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Coronavirus: German government fears hostile takeovers of weakened companies

Jill Petzinger
·Germany Correspondent, Yahoo Finance UK
·3-min read
18 March 2020, Hessen, Frankfurt/Main: Next to the taxiways and taxiways of the airport are several Lufthansa aircraft. The planes have been parked because they are not in use at the moment. Like most other airlines, Lufthansa has drastically reduced the number of flights due to the coronavirus pandemic (picture repetition with better quality) Photo: Vasco Garcia/dpa (Photo by Vasco Garcia/picture alliance via Getty Images)
18 March 2020, Hessen, Frankfurt/Main: Lufthansa planes parked because they are not in use at the moment, due to drastic cuts in flight schedules. Photo: Vasco Garcia/picture alliance via Getty Images

Germany is bracing for many months of economic crisis, as it battles through the coronavirus pandemic.

As Europe’s largest economy prepares to launch a multi-billion-euro rescue package today, government ministers in Berlin are concerned that the crisis will make key companies and industries vulnerable to hostile foreign takeovers.

In a weekend interview with the Süddeutsche Zeitung (link in German) newspaper, the federal transport minister said that weakened German companies could be targeted by international investors — and that the government needs to get laws in place to avert that.

READ MORE: Lufthansa grounds 95% of flights and looks to state aid for survival

"There is worldwide interest in successful German companies, also in mobility and infrastructure," transport minister Andreas Scheuer told the paper. He said he was in discussions with other ministries to draw up countermeasures, noting “it is about securing economic power in Germany after the crisis."

China in particular has shown great interest in cutting-edge German companies, especially in the tech and engineering sectors. Chinese firm Midea’s €4.5 billion takeover of robotics firm Kuka in 2016 provoked major angst in government circles, as did Geely becoming Daimler’s biggest shareholder in 2018.

Olaf Scholz, Germany’s finance minister and vice-chancellor, told Süddeutsche Zeitung that the government is ready to deploy the “great financial strength of our state” to protect companies at this time. It is also possible that the government would take temporary ownership in companies to help ward off foreign investors.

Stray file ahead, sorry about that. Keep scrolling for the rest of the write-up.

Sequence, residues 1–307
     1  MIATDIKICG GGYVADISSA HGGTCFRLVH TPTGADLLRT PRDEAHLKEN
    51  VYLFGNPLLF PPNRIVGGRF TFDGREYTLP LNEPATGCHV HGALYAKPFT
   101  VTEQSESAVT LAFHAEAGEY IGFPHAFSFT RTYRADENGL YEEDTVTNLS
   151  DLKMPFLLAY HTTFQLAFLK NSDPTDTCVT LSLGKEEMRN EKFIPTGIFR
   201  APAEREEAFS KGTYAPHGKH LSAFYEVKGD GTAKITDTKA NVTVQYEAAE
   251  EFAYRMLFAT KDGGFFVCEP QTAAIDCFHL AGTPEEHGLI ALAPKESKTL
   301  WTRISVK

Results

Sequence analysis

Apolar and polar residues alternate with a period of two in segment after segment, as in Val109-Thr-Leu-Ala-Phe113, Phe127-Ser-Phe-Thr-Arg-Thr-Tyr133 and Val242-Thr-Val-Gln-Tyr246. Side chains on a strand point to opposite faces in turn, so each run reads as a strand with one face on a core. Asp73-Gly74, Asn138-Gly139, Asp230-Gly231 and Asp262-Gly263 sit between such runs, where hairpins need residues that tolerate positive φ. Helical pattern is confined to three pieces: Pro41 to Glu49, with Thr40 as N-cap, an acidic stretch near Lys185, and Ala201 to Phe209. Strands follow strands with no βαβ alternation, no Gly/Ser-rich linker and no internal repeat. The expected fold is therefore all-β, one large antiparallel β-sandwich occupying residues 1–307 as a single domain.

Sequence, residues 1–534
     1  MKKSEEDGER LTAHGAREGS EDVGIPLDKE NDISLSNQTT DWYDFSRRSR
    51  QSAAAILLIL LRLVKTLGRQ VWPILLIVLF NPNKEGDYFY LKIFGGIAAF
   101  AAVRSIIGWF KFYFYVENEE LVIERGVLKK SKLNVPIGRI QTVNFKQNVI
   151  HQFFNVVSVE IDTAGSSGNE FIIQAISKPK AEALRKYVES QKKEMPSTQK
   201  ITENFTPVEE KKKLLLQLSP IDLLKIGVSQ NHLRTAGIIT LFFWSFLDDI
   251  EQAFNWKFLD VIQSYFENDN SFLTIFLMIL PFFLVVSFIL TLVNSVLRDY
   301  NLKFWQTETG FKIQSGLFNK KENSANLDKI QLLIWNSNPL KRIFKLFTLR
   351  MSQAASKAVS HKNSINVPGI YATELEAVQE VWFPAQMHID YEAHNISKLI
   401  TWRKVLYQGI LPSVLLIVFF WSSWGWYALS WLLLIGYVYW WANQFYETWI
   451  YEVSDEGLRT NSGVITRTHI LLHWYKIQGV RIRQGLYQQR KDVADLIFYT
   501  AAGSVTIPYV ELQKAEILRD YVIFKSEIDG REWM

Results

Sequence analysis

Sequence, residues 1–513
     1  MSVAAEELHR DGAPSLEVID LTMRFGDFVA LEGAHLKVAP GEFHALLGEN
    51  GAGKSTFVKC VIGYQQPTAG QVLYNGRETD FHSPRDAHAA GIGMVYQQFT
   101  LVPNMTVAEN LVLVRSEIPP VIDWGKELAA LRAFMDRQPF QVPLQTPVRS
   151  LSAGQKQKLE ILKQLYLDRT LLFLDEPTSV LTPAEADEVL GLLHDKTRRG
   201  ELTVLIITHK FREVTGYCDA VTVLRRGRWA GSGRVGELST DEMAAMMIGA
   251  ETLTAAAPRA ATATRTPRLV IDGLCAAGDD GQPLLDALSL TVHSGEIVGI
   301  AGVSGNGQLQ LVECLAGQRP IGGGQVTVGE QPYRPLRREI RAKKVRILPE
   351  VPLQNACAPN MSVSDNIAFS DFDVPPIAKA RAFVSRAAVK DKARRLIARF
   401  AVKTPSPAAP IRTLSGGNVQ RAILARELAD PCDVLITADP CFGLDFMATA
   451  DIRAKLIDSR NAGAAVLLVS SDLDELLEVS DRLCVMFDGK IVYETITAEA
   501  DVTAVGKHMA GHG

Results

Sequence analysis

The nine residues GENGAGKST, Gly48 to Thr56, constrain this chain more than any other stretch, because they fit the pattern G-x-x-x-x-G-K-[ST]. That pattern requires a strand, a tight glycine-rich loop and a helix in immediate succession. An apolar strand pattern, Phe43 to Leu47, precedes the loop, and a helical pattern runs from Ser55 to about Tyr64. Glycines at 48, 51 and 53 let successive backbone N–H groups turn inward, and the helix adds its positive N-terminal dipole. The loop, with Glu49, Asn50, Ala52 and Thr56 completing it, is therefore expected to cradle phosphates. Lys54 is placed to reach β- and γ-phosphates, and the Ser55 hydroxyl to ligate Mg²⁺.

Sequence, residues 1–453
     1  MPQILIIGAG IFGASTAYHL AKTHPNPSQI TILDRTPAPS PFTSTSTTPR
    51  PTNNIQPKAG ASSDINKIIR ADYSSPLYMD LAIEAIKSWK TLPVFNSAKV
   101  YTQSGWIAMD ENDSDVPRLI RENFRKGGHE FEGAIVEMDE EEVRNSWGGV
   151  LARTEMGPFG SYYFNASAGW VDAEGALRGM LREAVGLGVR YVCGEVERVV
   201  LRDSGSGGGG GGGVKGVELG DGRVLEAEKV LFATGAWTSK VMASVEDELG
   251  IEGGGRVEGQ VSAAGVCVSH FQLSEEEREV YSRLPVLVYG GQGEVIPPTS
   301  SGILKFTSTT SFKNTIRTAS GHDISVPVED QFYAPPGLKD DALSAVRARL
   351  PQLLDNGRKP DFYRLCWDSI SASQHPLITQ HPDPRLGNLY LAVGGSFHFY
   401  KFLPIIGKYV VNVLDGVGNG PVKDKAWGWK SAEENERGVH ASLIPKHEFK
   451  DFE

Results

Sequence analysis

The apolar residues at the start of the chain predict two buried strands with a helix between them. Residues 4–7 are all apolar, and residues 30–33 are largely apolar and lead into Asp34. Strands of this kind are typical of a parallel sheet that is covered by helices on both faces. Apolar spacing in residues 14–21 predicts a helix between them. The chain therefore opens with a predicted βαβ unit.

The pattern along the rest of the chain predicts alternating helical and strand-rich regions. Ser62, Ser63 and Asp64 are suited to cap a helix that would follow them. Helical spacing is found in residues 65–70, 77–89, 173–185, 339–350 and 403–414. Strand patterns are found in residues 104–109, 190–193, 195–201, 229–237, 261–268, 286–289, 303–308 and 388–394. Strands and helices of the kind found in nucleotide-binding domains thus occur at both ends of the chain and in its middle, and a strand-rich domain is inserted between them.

READ MORE: Berlin to earmark €40bn to help self-employed and tiny companies weather coronavirus

Bavarian state premier Markus Söder wants to ban foreign takeovers of German firms if needs be. "If at the end of this crisis... almost the entire Bavarian and German economy is in foreign hands and we no longer have any control options, then it is not just a medical crisis," Söder said.

The IfO Institute said today that the COVID-19 crisis could cost the German economy more than half a trillion euros and more than a million jobs.

"The costs are expected to exceed anything known in Germany from economic crises or natural disasters in recent decades," said Ifo President Clemens Fuest in a statement. The Ifo puts the costs of a two-month partial shutdown of the economy at between €255 bn and €495 bn.

Merkel in quarantine

A Police officer stands guard outside a house where German Chancellor Angela Merkel has an apartment with her husband in Berlin on March 22, 2020 after it was announded by her spokesman that Merkel is going in to quarantine after being treated by a doctor who has since tested positive for the novel coronavirus COVID-19. (Photo by John MACDOUGALL / AFP) (Photo by JOHN MACDOUGALL/AFP via Getty Images)
A police officer stands guard outside the house where German Chancellor Angela Merkel lives in Berlin on March 22, 2020 after it was announced that she is going into quarantine. Photo: John MACDOUGALL /AFP via Getty Images

Angela Merkel’s office announced on Sunday evening (22 March) that the chancellor would go into a two-week home quarantine, after a doctor with whom she had an appointment later tested positive for the coronavirus.

READ MORE: Merkel goes into quarantine as Germany imposes extreme restrictions on public life

The announcement came just after Merkel announced a raft of new measures aimed at slowing the spread of the virus in Germany. All 16 states will now implement a ban on more than two people gathering together at any time, and people should only leave the house for essential chores, and then alone or in groups of two maximum.

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